Spring 2007

The Illustrated Con-man

Cry For Help: 36 Scam Emails from Africa

Illlustrated by Henning Wagenbreth.
Gingko Press, USD 16.95, £7.75

Along with the ubiquitous offers of herbal 'Viagra', pump and dump stock tips, and bogus PayPal requests, the scam email from Africa has become one of the clichés of the criminal world that now haunts the internet.

Unlike the first three offenders, however, the lengthy composition and content of the typical scam mail from Africa puts it into a different class and, arguably, worthy of deeper cultural examination. In its quirky and colourful way Cry for Help does exactly that. It takes 36 potent examples, reproduces the text of each in full (complete with sender's email address) and accompanies it with an illustration as chaotic as the content.

Behind this work is the East German born and Frans Masereel-influenced illustrator Henning Wagenbreth, who is also professor of visual communication at the Universität der Künste, Berlin. Diverse and prolific, his previous work includes Mond und Morgenstern, a title he illustrated for the German children's book publisher Peter Hammer, and the official posters for the 2005 Berlin Jazz Festival. He has also collaborated with the independent publisher Armin Abmeier on two books.

Here, the combination of woodblock, linocut and primitive typography are used to good effect and the illustrations capture the erratic, criminal and crazy world depicted in the scam emails. The emphasis is on humour, and each illustration pulls out a peculiar detail from a story to make its point, using colour and typography with varying degrees of success. The matt paper stock and printing quality are both of a high enough standard to make the book a tactile pleasure and to bring the colour to life.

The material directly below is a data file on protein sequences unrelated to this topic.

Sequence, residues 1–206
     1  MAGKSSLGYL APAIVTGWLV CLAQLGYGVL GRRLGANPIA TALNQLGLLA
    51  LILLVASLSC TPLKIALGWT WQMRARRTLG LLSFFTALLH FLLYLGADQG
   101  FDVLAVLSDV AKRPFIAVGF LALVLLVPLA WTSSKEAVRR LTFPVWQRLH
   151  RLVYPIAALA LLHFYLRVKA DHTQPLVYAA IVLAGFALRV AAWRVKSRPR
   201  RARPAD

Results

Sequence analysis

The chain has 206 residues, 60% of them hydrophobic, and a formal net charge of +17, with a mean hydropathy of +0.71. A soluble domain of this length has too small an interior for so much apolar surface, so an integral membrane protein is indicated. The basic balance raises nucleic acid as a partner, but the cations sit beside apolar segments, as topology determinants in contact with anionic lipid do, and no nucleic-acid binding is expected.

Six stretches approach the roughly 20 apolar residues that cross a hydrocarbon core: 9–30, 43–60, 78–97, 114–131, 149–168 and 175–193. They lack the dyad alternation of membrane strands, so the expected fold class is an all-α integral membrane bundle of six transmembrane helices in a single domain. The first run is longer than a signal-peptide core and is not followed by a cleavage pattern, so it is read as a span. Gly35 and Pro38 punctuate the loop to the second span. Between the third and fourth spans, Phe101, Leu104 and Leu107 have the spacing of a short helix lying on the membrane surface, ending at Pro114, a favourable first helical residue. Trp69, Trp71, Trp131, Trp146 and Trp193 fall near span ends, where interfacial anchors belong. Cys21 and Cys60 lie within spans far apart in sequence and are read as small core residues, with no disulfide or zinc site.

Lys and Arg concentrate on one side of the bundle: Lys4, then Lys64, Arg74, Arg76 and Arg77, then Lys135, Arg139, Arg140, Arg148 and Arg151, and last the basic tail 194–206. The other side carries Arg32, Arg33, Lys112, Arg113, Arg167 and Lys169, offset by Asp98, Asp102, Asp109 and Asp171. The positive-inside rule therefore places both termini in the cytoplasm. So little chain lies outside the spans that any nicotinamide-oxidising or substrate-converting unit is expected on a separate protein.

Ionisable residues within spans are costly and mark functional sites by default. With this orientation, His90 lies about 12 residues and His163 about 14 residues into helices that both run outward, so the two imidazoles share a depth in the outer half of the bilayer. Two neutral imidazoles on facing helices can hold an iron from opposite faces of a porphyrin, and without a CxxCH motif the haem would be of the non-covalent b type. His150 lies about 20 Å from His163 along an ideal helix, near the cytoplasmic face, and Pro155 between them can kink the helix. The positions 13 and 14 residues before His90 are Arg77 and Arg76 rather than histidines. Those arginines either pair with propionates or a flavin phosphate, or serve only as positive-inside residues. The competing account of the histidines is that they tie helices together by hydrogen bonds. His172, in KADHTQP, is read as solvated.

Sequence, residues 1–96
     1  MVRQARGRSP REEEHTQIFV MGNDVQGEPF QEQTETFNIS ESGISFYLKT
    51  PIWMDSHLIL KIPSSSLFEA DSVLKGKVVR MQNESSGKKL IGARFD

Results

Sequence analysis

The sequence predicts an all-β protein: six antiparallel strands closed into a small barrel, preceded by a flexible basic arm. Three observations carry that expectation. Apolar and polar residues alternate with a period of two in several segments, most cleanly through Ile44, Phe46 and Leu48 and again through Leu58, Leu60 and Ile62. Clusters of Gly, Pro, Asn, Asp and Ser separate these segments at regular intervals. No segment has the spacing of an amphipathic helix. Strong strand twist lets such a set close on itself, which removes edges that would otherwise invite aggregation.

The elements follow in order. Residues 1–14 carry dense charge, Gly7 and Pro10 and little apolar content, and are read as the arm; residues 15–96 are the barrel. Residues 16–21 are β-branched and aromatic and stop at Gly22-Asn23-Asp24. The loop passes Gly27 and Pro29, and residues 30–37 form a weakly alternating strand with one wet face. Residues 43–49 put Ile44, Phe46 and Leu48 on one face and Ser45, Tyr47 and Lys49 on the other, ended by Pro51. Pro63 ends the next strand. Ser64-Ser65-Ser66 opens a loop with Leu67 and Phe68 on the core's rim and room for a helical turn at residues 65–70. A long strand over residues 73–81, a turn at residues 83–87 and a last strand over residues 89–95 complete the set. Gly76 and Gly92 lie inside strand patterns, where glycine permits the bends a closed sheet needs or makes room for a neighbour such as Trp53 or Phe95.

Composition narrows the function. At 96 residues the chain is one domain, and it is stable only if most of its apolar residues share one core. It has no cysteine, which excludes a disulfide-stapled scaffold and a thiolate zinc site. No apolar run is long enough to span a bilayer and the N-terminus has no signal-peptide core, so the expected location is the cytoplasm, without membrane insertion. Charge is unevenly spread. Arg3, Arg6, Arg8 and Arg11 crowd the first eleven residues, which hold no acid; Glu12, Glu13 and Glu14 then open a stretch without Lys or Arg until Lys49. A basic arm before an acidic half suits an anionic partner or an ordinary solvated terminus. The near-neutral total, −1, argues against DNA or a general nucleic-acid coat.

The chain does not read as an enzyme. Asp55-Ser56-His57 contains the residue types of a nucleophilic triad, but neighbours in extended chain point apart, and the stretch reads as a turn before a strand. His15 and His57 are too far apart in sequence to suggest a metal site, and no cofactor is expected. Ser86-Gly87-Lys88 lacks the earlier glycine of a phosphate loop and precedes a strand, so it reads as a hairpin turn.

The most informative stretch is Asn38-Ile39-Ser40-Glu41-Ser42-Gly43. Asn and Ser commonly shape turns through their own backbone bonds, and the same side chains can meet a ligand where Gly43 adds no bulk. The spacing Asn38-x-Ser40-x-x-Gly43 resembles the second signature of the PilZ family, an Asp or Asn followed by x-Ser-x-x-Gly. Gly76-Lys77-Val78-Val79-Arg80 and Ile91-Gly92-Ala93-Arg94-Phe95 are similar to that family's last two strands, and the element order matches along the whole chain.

But that is probably about as far as it goes. While appreciating the craft behind Wagenbreth's work, the audacity and unintentional humour of the original emails, one is left questioning the point of this book other than as an effective showcase of the illustrator's art. Wagenbreth's style is an acquired taste, and is not as compelling here as in some of his previous work. The illustration is the star of the book, however, as the appeal of reading the text of the emails quickly fades. Once you've read one African scam email, you've read them all.

For those who are not already fans of Wagenbreth there is little in this book beyond a quick read of some of the emails and a flick through the illustrations. And I imagine that the charm and humorous intent of this book would also be lost on anyone that actually fell victim to such scams.

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